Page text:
Except two. Aristotle's steady-state universe. Plato's Unmoved Mover, The Uncreated Creator, The Unknown God.

What was unknown to the Greeks was known to the Jews. Acts 17.

2) I don't know what nature the serpent in Genesis 3 had. That same serpent in Revelation is either Satan in some physical manifestation, a human adversary, or a host of adversaries, the corporate body of the apostate from old covenant Israel. Christian tradition has made both serpents Satan in some vague physical manifestation. Christian tradition has never had a clear answer.

Part of the reason we don't know is we don't know the relationship between Genesis 1:1-2:4 and 2:5ff.

The first is written in the form of an ancient Sumerian temple dedication, but the temple, Heavens and Earth is also the author. It appears to talk of a plural God, Elohim, calling-out a plural people, Heavens and Earth, from another people, The Sea, and cutting a covenant with them. The different experts I've read recognize separate parts of this, but can't or won't put it all together.

The second has a different textual form. It talks of a singular God, Yahweh, forming a singular man Adam and making a covenant with him.

Both texts are written in different narrative forms that were only used by the ancient Sumerian culture which was long extinct by the time of Moses.

Is it authentic? We don't have the original clay tablets. We don't have it written in it's original script. We probably don't even have it in its original language. But every feature of both texts indicate they were first written by a person or people who were there, who actually witnessed the events, over 5000 years ago.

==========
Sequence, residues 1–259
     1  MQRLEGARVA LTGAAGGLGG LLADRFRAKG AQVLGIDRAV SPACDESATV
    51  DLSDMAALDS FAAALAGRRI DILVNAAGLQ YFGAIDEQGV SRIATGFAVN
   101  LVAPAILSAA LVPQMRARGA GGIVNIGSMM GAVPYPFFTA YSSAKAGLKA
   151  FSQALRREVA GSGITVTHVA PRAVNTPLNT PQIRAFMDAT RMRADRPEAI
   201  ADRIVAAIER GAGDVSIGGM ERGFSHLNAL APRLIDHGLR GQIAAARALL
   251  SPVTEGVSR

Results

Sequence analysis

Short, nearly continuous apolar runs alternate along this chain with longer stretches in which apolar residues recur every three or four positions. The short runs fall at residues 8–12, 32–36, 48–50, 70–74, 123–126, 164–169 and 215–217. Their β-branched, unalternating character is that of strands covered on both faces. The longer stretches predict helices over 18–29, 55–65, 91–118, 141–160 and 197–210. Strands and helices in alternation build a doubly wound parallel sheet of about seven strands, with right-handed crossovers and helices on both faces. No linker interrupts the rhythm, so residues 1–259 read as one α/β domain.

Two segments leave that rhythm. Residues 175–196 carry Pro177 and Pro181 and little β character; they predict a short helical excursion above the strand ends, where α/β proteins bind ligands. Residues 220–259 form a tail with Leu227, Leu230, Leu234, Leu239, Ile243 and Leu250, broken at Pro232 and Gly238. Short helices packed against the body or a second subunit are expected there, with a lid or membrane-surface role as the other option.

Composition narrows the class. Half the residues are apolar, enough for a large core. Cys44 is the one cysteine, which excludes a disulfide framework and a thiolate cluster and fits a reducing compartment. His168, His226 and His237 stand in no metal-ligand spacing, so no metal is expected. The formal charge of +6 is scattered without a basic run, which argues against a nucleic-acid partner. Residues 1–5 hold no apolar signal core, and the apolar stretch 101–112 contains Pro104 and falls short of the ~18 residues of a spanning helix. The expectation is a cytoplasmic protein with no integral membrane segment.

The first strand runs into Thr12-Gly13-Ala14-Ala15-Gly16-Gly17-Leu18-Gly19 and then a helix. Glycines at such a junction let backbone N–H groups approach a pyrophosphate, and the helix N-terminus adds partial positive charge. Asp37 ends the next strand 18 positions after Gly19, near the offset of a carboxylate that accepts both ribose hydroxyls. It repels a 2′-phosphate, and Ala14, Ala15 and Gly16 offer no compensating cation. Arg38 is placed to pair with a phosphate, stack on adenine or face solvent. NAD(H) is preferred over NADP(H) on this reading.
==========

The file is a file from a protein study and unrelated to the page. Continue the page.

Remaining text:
Why do I believe in God? I can't live consistently or even imagine living consistently with the contrary presupposition. Because hundreds of people saw the risen Jesus and went to their deaths rather than deny what they had seen with their own eyes, heard with their own ears, touched with their own hands. Because Jesus promised the sign of his presence, not one stone would be left upon another, and it occurred precisely when Jesus predicted during a short violent interlude of the long Pax Romana. Because creation is so carefully and intricately designed. Because Scripture has proven true. There is no end to the reasons.



JL Vaughn
Beyond Creation Science

Writerx's picture

That's some fascinating info.

Question: Wouldn't the Unknown God the Hebrews had in effect be a city-state God, albeit one stretching back to the foundations of civilization? I'm still a little shaky on the whole "getting from a covenantal God to a celestial universe-origin God" thing. (A side note: I always wondered about how if you buy the theory of evolution––which I'm slowly being convinced of––how is it that we've got basically diddly for 95-250,000 years of homo sapien existence, and then all of the sudden civilization starts 6k years ago; people start inventing things; cities are constructed? What the hell were they waiting for?)

Second thing, what do you suppose the odds are that Satan himself is an idiom? Given that he appears in Genesis and Revelation, which you (and even I, to a certain extent) would take figuratively, the book of Job––which reads like a story, not a history––, and then you get Paul saying things like "I turned him over to Satan," which sure sounds like an idiom to me, that maybe we're looking at it the wrong way?